It turns out, however, you actually can be too thin. Catherine Deneuve is quoted as saying that at a certain age, "a woman has to choose between her face and her ass." "Losing weight after 40 can give actresses a really haggard look," says one celebrity makeup artist who works with two actresses fast approaching 50. "But now they starve themselves silly -- and inject their faces. Thin body and fat face -- that's the ideal equation."

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What's Under Your Dress?

Jane Eyre and Anonymous, each nominated for costume design Oscars, made audiences gasp at the restrictive relics -- bustles, skirt cages, breath-defying lace-up whale-bone corsets -- worn by women to achieve the preferred silhouette of their time. But any Hollywood stylist will tell you that illusory undergarments are still alive and kicking under every deceptively sleek Oscar gown.

 Stylists used to cut up panty hose, wad up cotton balls, even use gaffer's tape to make sure their gals looked good in their gowns. Now the lingerie market is awash in silicone breast boosters (known in the biz as "chicken cutlets"), nipple covers, double-stick tape, tummy- and thigh-thinning panties, even padded panties for girls who want a Pippa Middleton-esque royal rump.

Of course, not all shaping is under the gown. Couture designers such as Versace, Roberto Cavalli, Oscar de la Renta and Valentino all make dresses with built-in corsets and bust padding.

"Elie Saab's gowns have a drawstring corset inside, and Roland Mouret uses a power-mesh slip that sucks in the girl," says stylist Cristina Ehrlich, who is working this season with Penelope Cruz and Tina Fey.

Stylist and E! Fashion Police star George Kotsiopoulos (who is styling Oscar supporting actress nominee Janet McTeer) is obsessed with hourglass curves. He loves the magic of Maidenform's Waist Nippers. "If your client doesn't have a perfect shape," he says, "It's your job to fix it. Size doesn't matter. It's all about proportion."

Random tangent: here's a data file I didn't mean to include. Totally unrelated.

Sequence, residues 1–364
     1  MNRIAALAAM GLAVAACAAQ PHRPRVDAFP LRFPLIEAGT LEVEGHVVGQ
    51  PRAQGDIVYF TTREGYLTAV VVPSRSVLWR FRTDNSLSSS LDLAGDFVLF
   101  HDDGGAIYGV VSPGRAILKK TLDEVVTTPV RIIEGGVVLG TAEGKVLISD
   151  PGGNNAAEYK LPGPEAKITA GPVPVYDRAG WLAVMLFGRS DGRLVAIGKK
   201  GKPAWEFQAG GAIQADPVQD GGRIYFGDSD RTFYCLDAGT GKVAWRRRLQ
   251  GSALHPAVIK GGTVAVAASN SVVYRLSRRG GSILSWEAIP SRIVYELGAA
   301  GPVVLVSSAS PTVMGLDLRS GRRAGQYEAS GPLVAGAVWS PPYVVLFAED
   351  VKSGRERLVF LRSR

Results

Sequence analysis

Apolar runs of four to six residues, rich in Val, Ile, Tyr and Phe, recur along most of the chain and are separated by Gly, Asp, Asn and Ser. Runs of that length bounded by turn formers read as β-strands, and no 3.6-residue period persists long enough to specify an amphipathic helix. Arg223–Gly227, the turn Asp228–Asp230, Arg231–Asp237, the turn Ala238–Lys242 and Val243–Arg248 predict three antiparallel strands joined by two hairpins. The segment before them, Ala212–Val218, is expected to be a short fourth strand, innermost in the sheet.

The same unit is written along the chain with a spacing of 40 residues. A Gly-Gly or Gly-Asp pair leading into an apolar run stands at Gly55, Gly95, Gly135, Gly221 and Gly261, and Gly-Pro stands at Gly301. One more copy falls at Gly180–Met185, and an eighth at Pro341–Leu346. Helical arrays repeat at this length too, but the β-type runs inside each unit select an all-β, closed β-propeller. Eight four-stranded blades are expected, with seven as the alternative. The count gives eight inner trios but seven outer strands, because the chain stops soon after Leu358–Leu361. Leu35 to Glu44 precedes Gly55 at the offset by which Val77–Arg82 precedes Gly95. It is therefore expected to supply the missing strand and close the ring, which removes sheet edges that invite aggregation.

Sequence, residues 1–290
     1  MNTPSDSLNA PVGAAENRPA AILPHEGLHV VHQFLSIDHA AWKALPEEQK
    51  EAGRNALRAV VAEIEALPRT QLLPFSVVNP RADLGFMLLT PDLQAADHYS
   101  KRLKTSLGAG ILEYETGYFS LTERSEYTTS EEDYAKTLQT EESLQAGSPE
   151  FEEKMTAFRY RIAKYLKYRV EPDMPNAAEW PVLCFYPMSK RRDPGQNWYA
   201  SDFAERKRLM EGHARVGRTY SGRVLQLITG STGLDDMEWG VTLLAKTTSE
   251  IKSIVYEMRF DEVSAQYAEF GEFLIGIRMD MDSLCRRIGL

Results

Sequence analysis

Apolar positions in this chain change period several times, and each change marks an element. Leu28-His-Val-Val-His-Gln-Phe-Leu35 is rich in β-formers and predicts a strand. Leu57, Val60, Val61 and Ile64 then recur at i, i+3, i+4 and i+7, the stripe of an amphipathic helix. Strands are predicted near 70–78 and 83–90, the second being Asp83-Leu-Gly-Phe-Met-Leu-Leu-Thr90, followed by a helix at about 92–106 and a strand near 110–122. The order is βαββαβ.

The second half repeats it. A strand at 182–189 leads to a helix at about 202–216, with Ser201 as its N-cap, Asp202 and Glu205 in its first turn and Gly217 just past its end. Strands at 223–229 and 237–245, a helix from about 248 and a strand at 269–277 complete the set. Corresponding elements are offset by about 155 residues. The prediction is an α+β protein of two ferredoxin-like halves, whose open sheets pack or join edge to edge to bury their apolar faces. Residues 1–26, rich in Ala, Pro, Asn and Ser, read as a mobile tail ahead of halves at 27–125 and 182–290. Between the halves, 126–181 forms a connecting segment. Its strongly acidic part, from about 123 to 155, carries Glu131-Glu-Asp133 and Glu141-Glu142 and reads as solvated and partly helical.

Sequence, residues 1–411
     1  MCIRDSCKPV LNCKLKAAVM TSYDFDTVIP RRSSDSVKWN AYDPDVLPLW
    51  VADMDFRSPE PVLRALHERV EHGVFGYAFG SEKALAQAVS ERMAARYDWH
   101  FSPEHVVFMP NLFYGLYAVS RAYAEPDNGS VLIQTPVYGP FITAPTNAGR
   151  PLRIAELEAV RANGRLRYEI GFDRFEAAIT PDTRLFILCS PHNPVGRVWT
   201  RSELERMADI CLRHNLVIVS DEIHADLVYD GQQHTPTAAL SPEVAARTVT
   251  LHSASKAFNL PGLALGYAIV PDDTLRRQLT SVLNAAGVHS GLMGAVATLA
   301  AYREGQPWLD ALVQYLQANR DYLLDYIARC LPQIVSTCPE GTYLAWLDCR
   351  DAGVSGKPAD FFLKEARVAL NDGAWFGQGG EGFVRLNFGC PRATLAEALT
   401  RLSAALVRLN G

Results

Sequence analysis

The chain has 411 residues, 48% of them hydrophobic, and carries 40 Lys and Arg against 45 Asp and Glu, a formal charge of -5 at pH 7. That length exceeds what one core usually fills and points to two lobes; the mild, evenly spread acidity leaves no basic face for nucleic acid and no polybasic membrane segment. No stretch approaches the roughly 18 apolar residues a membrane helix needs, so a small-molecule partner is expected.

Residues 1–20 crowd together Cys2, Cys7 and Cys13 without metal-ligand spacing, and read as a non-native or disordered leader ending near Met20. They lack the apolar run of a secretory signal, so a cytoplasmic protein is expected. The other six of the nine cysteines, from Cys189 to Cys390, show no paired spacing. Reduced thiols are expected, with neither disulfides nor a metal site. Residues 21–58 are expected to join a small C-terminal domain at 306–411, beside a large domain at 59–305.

Jessica Paster, who styles Emily Blunt and Dakota Fanning, says, "I love Spanx and Mothertuckers [a compression tank that hides tummies and muffin tops]. Her newest skinny tool? "Ardyss makes amazing body shapers," which help to prevent unsightly bulges.

 Ehrlich claims that 99 percent of her clients want the security of Spanx: "Don't take my Spanx away! Even my girls in their 20s with rocking bodies love them," she says. Her new faves are Kathleen Kirkwood's super-light versions sold on QVC. "You don't want to be wearing a Chanel gown and feel like you have a scuba suit underneath." Octavia Spencer knows that feeling. She had to cut her SAG Awards partying short to go home and wiggle out of them. Melissa McCarthy was smarter. She told Spencer that she took hers off in the ladies' room at the Shrine Auditorium. -- Elizabeth Snead

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OSCAR EATING DO'S and DON'TS: Hollywood's health gurus reveal how to look slimmer at the last minute

Dropping weight fast can be crazy unhealthy, but experts say there actually are healthy ways to do it. "You can't lose much weight a week before the Oscars, but you can do things to get rid of the extra fluids that create bulges and bloating due to bad habits -- it's called diuresing," says dietitian Jackie Keller, who has worked with Jessica Alba, Anjelica Huston and Susan Sarandon. Keller recommends a diet rich in salmon, trout and tuna for glowing skin; antioxidant rich foods with vitamins C and E (fruits and vegetables) to help produce collagen and reduce skin damage; lean, high-protein foods like Greek yogurt or nuts -- in the form of six small meals a day to keep your metabolism up -- and no grains in the evening or starchy carbohydrates that hold in water ("you can have a carbohydrate to calm down if you get too crabby"). Plus, no diet soda or alcohol, which is tough when there are parties every night. "You shouldn't be drinking anything but green tea, which will keep you from getting sick, and water," says Keller. It's also important to avoid chewing gum because it makes you swallow air and bloats you. Nutritionist Carrie Latt Wiatt, who has worked with Jennifer Aniston, recommends two to three liters of water a day, cutting back on calories and being portion savvy while eating healthy snacks throughout the day. Jennifer Lopez's nutritionist Haylie Pomroy warns that stress is harmful to losing weight, because cortisol, the stress hormone, promotes fat storage. Dr. Oz Garcia recommends body work and massages to stave off stress and warns against the Master Cleanse, but he likes the idea of a two- or three-day juice fast. Trainer Bobby Strom, who whipped Blake Lively into shape, says the way to go is to remove all sugar and salt in addition to alcohol, dairy and carbs. He also thinks you should do circuit training in the morning and cardio in the afternoon. Or, maybe just go up one size and forget it. -- M.G.